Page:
Now the hint.

Buy a paperback copy of Carnegie’s book or download it to a tablet or reader and read one chapter at a time.  Only one.  Read it over and over again as many times as necessary.  Only when you have mastered the principle in each chapter, move on to the next but not before you’ve begun to see yourself breaking the worry habit.

“Today is our most precious possession. It is our only sure possession” – Dale Carnegie

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Adversity Introduces A Person To Him or Herself

I know three people in my life right now who have had or have cancer. 

They are all under 30.

One has had serious breast cancer surgery.  One had leukemia as a teenager.  And the third just found out a few days ago that she will have to have a suspicious lump removed.

This is unfair but life can be unfair. 

When cancer comes calling, this horrible disease seems to bring the best out of people.  Most victims find out how strong they really are even if previously they never felt strong.  Those around them automatically offer their support, a hug, a prayer, a friendship to help them through the crisis.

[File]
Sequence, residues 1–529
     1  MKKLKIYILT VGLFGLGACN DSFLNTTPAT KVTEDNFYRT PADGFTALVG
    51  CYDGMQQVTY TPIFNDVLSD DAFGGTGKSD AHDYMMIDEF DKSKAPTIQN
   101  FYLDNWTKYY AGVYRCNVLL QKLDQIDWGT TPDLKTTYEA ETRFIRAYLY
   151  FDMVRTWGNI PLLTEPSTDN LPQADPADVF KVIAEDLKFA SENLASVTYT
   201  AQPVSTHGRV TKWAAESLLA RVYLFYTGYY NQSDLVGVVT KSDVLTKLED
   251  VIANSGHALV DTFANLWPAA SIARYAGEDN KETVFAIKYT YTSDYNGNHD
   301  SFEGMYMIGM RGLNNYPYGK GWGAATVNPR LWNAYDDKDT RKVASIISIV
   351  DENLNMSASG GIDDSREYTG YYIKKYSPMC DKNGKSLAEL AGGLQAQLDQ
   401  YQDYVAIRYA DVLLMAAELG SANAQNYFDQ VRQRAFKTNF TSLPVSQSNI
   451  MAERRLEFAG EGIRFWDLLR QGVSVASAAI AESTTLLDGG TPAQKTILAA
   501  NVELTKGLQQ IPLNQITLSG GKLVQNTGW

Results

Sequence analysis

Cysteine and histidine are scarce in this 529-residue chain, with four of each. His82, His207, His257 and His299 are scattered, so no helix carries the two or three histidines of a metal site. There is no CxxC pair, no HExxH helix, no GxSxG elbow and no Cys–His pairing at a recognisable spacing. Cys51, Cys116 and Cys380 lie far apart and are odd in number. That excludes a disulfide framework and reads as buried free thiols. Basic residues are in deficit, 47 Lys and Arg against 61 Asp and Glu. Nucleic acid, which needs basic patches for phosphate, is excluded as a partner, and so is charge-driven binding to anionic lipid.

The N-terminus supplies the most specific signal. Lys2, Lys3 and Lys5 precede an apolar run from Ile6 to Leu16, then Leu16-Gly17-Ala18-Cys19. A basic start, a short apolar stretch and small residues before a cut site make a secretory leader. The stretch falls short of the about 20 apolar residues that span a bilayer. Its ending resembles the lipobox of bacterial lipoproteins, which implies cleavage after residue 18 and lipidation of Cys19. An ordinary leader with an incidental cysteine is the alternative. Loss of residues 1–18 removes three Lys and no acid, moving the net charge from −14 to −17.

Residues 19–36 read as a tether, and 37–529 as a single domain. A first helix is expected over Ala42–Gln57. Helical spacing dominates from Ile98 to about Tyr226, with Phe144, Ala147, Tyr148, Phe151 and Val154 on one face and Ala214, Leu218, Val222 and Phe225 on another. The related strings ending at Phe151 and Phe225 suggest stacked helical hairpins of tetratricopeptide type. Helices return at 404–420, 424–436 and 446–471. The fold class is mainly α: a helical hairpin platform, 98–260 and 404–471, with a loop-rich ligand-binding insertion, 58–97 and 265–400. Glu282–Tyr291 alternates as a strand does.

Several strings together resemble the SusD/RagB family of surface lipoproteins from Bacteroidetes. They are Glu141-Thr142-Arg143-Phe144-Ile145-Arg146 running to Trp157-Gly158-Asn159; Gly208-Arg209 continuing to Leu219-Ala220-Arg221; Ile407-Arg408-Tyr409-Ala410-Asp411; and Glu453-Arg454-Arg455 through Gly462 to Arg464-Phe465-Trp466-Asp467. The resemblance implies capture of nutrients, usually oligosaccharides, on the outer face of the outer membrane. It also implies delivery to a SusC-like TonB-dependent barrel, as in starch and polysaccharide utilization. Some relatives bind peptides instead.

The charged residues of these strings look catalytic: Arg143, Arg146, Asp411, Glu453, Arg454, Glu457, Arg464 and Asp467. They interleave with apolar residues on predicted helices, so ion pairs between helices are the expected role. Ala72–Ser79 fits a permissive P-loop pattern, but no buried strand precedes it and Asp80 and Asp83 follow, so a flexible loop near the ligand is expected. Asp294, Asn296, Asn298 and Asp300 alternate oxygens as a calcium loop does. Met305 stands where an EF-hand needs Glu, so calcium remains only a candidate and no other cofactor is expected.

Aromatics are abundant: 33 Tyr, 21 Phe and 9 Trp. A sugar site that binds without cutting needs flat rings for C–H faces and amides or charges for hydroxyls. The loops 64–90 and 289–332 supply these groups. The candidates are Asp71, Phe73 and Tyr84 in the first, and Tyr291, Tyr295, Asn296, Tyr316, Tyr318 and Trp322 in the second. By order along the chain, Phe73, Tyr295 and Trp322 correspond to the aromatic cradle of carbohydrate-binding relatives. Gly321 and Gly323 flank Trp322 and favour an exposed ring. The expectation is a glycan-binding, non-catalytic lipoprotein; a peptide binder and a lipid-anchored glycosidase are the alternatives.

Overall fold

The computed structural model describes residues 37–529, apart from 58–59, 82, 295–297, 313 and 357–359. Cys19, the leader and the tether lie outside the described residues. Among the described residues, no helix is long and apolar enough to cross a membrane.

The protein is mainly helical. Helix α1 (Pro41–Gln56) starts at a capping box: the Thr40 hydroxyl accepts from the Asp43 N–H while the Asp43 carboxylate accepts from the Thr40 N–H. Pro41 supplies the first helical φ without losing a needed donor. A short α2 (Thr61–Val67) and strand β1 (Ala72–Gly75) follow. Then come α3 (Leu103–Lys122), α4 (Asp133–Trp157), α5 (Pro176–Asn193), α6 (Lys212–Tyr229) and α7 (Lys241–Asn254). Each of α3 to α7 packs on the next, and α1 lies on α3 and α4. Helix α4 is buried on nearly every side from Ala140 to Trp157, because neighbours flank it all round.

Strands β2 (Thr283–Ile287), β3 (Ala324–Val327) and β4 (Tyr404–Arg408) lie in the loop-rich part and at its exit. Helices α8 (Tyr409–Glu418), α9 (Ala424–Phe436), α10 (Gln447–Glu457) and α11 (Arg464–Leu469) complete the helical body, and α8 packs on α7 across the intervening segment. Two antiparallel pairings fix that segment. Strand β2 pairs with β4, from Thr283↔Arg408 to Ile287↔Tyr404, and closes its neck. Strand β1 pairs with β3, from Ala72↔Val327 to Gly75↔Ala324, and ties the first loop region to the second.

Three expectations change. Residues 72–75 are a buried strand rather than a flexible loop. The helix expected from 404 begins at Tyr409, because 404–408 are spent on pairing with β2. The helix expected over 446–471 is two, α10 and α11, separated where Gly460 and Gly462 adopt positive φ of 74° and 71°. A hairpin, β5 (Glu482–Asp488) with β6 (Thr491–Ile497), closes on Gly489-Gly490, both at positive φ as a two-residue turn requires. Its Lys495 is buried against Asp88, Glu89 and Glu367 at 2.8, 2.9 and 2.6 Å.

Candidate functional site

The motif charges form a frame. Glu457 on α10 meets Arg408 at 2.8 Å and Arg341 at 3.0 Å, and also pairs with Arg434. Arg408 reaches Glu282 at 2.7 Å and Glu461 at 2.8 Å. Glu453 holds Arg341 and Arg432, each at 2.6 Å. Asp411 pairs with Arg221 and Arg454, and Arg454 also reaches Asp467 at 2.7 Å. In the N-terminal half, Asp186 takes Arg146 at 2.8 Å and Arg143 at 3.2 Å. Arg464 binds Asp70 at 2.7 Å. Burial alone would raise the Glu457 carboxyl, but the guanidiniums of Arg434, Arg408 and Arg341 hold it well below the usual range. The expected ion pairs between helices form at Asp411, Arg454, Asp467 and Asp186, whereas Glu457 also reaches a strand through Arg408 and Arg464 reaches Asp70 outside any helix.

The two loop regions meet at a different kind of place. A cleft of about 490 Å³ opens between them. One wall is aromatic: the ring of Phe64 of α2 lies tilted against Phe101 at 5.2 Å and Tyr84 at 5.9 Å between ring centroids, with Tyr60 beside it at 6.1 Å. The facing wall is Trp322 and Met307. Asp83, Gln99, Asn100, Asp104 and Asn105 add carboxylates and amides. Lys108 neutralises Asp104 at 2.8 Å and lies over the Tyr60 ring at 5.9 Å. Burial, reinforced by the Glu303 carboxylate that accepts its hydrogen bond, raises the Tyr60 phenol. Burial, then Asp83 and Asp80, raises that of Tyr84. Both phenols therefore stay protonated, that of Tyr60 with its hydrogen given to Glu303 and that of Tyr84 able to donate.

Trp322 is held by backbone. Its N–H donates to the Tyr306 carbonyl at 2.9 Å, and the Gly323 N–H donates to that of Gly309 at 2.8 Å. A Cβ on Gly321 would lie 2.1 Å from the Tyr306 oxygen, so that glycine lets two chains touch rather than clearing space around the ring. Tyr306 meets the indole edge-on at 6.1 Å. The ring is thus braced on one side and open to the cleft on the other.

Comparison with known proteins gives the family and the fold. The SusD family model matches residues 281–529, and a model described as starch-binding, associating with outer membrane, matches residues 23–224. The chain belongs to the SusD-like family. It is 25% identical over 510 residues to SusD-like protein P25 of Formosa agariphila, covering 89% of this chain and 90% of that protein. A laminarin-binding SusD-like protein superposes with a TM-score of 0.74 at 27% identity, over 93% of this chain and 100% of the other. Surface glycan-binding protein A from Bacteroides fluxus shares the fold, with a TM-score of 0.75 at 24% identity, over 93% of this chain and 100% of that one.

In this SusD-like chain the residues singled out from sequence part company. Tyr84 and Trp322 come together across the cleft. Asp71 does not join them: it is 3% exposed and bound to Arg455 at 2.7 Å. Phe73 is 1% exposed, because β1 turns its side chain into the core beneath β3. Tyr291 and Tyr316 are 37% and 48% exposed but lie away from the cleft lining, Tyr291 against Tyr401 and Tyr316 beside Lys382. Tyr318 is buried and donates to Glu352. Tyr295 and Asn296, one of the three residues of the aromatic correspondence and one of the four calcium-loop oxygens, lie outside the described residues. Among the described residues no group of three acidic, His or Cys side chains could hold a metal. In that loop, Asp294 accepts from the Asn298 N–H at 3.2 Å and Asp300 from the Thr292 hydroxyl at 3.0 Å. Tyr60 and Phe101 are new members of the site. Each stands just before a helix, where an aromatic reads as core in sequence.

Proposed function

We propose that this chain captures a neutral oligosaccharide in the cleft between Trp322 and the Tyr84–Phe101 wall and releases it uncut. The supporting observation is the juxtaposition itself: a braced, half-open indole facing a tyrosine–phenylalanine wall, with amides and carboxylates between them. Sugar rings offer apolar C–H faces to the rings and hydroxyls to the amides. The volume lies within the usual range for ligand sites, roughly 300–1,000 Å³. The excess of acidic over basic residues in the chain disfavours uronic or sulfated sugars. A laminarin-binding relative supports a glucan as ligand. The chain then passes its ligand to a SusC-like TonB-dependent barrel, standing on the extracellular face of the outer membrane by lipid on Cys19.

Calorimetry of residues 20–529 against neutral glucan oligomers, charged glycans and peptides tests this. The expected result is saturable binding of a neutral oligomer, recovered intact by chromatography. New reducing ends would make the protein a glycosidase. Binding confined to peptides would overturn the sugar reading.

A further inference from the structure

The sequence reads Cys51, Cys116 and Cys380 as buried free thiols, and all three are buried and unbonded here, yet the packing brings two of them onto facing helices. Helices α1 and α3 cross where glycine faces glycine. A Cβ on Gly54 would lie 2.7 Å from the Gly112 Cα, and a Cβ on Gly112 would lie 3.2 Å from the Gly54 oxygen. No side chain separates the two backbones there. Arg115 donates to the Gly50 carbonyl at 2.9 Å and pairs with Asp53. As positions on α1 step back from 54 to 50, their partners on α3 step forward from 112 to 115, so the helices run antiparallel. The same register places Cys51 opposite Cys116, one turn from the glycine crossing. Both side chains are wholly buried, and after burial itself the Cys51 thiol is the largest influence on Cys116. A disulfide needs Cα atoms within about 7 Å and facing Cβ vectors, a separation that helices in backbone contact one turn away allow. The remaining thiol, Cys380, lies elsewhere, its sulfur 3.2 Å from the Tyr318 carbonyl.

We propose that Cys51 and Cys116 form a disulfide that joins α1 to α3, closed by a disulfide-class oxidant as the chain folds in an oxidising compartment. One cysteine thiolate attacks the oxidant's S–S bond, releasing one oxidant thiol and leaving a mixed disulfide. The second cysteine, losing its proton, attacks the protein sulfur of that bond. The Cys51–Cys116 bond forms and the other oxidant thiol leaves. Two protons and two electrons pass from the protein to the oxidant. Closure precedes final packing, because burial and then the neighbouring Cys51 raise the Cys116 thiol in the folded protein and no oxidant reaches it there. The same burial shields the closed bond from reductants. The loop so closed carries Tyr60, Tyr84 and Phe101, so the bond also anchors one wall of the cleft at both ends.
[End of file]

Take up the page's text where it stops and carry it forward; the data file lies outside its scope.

What a wonderful world this would be if we could do all those things for each other without having it prompted by serious illness.

In fact we can – now.

The cure for cancer is partially in the hands of physicians and partially in the mind of the person fighting for their health.  

The prescription for being a good friend to yourself and others is to offer the cure without the disease.

Adversity introduces a person to him or herself and to those around them.

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It’s Not All About Me – It’s All About You

In a world where “it’s all about me”, the clamor of everyone vying for attention is tough on interpersonal relations.

At Philadelphia International Airport last week, I saw a young businesswoman who was irked because she had been waiting for a shuttle bus to take her from the car rental lot to the terminal.  She had every right to be upset because she could have missed her flight.  No one seemed to respond to her concern so she tweeted to Hertz to tell them that this is “not exactly” the service they promise.